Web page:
Ernie May was diagnosed with Parkinson's when he was 65. He tells us his story.
"Looking back, I was experiencing the symptoms of Parkinson's for at least two years before my diagnosis.
"I had 'frozen' a couple of times – literally stopped moving – while walking and I seemed to be having problems with my facial muscles, which were causing me to dribble badly.
"I had suffered for years with a painful right hip due to arthritis in my adolescence. This, I thought – now I know incorrectly – explained the 'freezing' incidents.
After carrying out a few basic tests, my GP concluded there was nothing wrong with my facial muscles and that the root cause of my dribbling could be excess saliva caused by the type of filling used by my dentist.
"Early in 2005 I had a full right hip replacement. Though initially I seemed to recover well, it soon became clear my progress was falling behind the group of patients I'd been admitted with. They soon went home, while my mobility wasn't improving.
"I was transferred to a rehabilitation centre, where one of the GPs suspected I had Parkinson's simply by looking at my expressionless face.
"I was referred to a consultant, who confirmed Parkinson's. He was accompanied by a Parkinson's disease nurse specialist (PDNS), who gave me some information from Parkinson's UK about what the condition is.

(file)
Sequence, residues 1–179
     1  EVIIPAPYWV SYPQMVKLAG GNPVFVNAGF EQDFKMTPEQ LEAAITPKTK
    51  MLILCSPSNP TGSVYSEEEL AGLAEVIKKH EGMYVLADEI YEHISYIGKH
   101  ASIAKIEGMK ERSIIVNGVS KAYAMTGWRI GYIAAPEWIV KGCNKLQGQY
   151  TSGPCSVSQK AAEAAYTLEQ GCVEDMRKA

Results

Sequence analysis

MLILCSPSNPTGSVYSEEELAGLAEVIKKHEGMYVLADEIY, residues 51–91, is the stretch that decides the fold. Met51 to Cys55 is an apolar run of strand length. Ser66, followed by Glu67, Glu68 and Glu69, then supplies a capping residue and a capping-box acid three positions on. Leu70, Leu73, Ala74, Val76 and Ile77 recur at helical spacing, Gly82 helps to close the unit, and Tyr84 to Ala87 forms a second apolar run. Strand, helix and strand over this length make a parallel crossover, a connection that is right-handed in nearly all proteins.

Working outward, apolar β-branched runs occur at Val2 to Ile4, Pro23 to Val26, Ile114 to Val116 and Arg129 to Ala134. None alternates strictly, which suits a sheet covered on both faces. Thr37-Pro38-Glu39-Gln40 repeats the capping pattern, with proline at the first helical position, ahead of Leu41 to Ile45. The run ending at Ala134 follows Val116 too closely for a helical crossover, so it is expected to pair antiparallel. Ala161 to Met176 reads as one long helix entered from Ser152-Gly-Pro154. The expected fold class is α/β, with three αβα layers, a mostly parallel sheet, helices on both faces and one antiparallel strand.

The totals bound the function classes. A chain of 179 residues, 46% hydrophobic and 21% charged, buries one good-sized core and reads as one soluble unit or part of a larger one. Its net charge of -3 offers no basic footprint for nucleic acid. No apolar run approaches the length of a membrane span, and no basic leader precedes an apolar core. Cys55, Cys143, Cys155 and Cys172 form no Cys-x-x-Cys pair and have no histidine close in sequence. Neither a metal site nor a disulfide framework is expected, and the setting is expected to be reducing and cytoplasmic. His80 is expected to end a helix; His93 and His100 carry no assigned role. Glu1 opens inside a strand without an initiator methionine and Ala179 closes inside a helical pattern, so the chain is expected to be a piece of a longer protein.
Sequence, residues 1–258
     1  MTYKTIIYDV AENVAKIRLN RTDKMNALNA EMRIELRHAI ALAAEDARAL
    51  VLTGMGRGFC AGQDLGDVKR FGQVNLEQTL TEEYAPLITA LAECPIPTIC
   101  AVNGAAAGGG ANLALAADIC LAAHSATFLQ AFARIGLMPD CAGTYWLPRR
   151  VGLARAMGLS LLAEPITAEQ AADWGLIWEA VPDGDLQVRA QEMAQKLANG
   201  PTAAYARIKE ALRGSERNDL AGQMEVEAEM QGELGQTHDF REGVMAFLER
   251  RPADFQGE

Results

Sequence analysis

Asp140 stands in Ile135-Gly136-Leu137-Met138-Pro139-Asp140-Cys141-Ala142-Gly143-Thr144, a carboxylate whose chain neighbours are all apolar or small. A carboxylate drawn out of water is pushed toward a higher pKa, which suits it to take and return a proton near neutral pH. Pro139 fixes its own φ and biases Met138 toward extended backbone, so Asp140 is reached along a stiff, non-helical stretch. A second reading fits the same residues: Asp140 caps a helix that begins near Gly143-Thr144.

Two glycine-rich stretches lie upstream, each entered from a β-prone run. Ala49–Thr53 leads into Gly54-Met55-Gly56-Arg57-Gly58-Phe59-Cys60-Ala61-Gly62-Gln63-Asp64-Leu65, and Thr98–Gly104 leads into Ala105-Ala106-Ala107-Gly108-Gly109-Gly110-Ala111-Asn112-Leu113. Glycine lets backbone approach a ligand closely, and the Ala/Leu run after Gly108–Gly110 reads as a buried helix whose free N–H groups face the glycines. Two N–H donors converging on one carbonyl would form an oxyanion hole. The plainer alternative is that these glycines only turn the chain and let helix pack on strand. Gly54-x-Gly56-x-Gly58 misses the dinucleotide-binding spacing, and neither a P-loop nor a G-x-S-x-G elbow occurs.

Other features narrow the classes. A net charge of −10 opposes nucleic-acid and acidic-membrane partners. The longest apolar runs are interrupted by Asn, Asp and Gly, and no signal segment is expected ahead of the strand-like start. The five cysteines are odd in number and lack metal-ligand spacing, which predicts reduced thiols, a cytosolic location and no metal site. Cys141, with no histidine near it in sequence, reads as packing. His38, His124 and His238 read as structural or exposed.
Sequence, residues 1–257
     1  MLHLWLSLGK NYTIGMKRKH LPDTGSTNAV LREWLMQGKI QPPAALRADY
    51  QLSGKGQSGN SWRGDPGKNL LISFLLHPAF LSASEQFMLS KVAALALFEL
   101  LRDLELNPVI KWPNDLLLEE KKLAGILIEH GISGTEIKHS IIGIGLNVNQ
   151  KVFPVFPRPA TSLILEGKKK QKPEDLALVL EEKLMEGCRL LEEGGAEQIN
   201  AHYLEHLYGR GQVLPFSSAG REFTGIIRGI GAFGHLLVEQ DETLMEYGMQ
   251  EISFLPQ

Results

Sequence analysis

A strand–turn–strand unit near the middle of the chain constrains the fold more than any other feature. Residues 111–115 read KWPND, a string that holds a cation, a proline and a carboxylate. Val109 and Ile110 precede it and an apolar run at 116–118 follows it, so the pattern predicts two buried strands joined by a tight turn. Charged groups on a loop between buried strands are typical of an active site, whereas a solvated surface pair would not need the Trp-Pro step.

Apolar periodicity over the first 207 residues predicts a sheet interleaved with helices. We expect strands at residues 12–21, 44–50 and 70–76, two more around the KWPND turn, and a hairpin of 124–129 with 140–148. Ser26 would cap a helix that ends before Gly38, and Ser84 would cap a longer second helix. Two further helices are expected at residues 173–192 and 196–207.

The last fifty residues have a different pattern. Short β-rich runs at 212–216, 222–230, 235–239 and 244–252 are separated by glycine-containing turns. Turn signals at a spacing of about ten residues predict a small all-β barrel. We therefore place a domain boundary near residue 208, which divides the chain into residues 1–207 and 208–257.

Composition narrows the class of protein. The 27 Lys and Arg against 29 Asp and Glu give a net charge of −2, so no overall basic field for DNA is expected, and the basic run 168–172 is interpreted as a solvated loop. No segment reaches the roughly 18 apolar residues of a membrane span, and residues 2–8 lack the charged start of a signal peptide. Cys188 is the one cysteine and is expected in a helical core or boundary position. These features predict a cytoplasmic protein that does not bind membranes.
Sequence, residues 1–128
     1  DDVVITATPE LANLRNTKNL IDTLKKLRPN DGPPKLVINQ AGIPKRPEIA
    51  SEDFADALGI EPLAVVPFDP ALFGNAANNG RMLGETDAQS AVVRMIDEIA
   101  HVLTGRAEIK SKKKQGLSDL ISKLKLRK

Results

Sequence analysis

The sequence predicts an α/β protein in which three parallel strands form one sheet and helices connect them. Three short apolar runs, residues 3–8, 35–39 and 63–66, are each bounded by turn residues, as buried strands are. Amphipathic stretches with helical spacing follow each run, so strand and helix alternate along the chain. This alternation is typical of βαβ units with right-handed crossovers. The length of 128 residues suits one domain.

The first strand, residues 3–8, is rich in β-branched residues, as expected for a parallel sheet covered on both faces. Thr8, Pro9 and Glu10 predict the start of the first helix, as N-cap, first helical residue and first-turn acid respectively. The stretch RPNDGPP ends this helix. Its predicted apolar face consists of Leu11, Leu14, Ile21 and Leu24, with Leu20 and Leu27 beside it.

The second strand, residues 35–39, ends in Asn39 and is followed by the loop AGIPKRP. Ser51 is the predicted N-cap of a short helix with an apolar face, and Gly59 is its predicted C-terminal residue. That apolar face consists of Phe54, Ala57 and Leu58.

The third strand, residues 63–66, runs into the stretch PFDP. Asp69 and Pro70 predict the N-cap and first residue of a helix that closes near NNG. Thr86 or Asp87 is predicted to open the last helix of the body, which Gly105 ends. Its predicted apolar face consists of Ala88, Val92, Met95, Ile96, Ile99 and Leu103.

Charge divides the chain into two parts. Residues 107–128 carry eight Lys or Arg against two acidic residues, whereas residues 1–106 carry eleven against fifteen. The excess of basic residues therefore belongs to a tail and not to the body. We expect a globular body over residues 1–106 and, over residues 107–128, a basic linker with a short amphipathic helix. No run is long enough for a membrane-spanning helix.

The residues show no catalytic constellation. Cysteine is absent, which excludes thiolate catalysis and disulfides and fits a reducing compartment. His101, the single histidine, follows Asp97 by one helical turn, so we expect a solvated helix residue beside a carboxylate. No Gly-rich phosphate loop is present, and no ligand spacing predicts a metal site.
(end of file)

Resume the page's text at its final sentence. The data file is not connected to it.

"At the moment I'm in relatively good health. My joints, particularly my ankles, tend to be very stiff in the mornings and my movement is slow.
"I try to exercise as much as I can, which seems to help with my mobility. I believe it's very important to stay as active as possible when you have Parkinson's, so I try to go to the gym three times a week.
"Fortunately I have only a very slight tremor in my left hand, which in itself is not a problem. Currently, the biggest problem I have is getting up from a chair.
"Also, my handwriting is so small that even I can't read it, so I just tell people I can no longer write! Recently I've been experiencing problems with my speech, which is very frustrating as often people can't hear me very well.
"I see my consultant every three months and the PDNS is usually there, too. She gives me the information I need to manage my symptoms effectively so I can do as much as I can and live life to the full, albeit in the slow lane.
"I'm also secretary of my local Parkinson's UK support group, which was set up eight months after my diagnosis. Being part of the group is extremely helpful, as there are people I can talk to who are going through the same things.
"Living with this condition can be incredibly difficult, but life doesn't end with a Parkinson's diagnosis. For me, everything just takes a bit longer."